In 2018, the Centers for Disease Control and Protection reported that suicide rates in Kansas were up 45% between 1999 and 2016, ranking Kansas 19th in the nation.
Only four states had higher increases in their suicide rates. According to the Kansas Department of Health and Environment Office of Vital Statistics, eight people died of suicide in Riley County in 2017, the last year for which records are available.
Every spring, city and county commissions across the state solicit the budget requests of their departments and funded agencies for the coming year.
Pawnee Mental Health Services, a private not-for-profit licensed community mental health center and licensed substance use disorder treatment facility, serves the city of Manhattan and Riley County.
Pawnee receives county funding support due to the mental health public safety net function it serves in Riley County, similar to the respective public safety net functions of EMS, Law Enforcement and the Fire Department. Approximately 8.5% of Pawnee’s budget comes from the ten counties in which Pawnee serves this function.
Pawnee provided over $12.4 million in services to 7,480 unduplicated people in FY2018. Nearly $4.4 million was uncompensated for reasons such as limitations in health insurance benefits, bad debt and sliding fee assistance.
Pawnee provided nearly $3.5 million of services to 2,557 unduplicated Riley County residents and wrote off over $1.2 million of that. With Riley County’s annual funding of $265,120, Pawnee absorbed approximately $965,000 of these write offs.
The number of unduplicated people served in FY2018 grew by 487 over FY2017. Three hundred and ninety-six of these were new to Pawnee because of the Mental Health Co-Responder Program.
In 2017, in an attempt to better equip law enforcement officers to respond to the unmet mental health needs of individuals in the community, the Riley County Police Department and Pawnee joined together to create the Mental Health Co-Responder program. The mental health co-responder is an employee of Pawnee who works within the Riley County Police Department.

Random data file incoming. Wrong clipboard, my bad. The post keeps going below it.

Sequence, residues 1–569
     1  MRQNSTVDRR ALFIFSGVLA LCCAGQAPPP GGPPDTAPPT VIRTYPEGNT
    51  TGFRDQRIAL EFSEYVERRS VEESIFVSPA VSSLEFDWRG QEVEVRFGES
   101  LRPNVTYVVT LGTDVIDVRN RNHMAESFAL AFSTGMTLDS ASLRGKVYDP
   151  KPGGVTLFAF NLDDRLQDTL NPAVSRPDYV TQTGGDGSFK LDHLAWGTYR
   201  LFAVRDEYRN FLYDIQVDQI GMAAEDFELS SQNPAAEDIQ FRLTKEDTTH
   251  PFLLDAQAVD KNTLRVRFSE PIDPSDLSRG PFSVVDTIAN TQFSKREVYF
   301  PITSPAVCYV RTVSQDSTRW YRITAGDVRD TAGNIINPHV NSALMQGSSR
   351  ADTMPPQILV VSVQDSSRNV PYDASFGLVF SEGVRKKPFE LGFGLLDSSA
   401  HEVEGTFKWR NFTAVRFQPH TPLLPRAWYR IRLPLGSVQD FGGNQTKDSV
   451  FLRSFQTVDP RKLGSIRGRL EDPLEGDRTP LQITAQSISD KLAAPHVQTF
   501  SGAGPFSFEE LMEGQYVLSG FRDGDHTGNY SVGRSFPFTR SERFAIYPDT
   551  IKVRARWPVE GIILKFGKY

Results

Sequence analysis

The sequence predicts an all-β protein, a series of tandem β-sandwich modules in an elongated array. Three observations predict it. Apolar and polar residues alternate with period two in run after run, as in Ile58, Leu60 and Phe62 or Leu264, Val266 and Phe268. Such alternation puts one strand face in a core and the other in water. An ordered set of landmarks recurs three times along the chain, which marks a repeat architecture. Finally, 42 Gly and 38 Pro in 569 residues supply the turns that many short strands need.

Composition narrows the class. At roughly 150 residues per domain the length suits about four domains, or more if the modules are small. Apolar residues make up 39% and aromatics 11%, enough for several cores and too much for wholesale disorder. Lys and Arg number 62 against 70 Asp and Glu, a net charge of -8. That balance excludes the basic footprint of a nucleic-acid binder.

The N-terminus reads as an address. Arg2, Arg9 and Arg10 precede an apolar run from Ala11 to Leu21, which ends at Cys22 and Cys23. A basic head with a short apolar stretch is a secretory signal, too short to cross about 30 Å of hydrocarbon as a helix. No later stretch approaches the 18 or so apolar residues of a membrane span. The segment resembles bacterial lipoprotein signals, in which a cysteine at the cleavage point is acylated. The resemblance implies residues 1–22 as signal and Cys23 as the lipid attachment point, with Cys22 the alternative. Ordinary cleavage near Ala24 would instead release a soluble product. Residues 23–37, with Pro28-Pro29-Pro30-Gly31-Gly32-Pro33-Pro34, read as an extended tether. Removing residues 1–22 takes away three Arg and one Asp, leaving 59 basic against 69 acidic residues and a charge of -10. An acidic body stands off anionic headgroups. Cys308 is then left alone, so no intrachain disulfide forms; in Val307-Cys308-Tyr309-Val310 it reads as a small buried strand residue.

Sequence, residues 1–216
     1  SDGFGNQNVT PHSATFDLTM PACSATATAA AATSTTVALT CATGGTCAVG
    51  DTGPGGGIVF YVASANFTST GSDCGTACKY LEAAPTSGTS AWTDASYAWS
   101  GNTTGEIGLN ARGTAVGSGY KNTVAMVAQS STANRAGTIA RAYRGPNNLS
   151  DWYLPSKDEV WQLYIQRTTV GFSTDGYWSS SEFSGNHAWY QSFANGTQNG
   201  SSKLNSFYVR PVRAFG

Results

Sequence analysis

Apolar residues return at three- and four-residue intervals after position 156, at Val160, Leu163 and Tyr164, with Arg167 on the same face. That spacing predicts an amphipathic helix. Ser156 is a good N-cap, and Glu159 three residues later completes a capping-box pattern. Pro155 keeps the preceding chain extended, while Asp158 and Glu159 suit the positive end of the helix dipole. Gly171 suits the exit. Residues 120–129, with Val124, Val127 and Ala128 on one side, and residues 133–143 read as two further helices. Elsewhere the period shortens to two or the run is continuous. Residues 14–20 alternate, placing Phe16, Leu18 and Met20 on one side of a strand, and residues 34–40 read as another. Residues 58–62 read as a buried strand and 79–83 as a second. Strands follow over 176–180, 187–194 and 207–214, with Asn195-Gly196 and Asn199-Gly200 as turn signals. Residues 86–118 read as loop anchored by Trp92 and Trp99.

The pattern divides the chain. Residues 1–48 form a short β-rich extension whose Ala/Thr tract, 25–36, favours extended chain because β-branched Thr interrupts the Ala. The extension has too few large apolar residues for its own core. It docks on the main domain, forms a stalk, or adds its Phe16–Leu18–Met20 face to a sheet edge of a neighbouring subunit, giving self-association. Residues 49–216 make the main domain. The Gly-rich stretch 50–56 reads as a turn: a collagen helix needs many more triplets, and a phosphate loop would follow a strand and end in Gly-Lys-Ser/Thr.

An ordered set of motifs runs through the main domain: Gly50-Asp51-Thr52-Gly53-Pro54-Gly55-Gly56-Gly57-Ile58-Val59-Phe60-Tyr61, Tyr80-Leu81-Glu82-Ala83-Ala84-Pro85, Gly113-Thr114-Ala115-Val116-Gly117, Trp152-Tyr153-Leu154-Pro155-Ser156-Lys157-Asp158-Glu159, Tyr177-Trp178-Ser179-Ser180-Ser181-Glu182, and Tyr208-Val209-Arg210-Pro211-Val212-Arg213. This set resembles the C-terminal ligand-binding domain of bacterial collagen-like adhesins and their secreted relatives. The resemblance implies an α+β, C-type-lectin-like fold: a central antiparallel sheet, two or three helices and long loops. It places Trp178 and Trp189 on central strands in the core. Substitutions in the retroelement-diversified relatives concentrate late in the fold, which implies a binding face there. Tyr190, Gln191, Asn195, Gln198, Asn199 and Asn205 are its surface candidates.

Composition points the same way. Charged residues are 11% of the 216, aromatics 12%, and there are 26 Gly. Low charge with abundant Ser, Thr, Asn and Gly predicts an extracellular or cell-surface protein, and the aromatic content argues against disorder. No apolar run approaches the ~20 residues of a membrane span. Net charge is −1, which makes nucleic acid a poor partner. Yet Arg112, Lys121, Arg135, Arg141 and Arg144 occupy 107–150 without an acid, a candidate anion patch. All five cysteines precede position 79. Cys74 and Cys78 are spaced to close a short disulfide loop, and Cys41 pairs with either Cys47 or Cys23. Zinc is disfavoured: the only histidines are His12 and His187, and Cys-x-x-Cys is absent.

The position was received so well that a second mental health co-responder position was created along with a half-time mental health therapist in the jail. The co-responder positions were initially grant funded. All three positions are currently funded by the Riley County Law Board.
In 2018, Pawnee was awarded a $725,000 grant from the State of Kansas to open a Crisis Stabilization Center to provide 24 hour crisis stabilization services for adults. The Goldstein Foundation recently announced a $200,000 matching grant challenge which will help cover the start-up costs not covered by the grant.
This resource will fill a major gap in Riley County by diverting people away from jail and the hospital emergency room and into treatment.
The Lottery Vending Machine Bill, which was passed by the Kansas Legislature in 2017, and Medicaid, for those who have it, will provide an ongoing funding stream for the Crisis Stabilization Center.
State general fund dollars have been appropriated for Crisis Stabilization Centers in FY2019 and FY2020 until the lottery vending machines are in circulation and begin to generate revenue.
Pawnee has requested that Riley County increase its funding support in 2020 from $265,120 to $531,395 annually, which is about 35% of Pawnee’s total county funding budget. Roughly 34% of the people served by Pawnee are from Riley County, but Riley County’s funding support accounts for only about 26% of Pawnee’s total county funding budget.
Recent enhancements to the mental health public safety net in Riley County have been made possible largely because of new sources of funding to meet the needs of people in their most desperate state of mind.
With the alarming trend in the number of Kansans who are taking their own life and the increase in the number of people reaching out to Pawnee for help, it’s time for Riley County to enhance its mental health public safety net to better meet the needs of people before they reach their most desperate state of mind.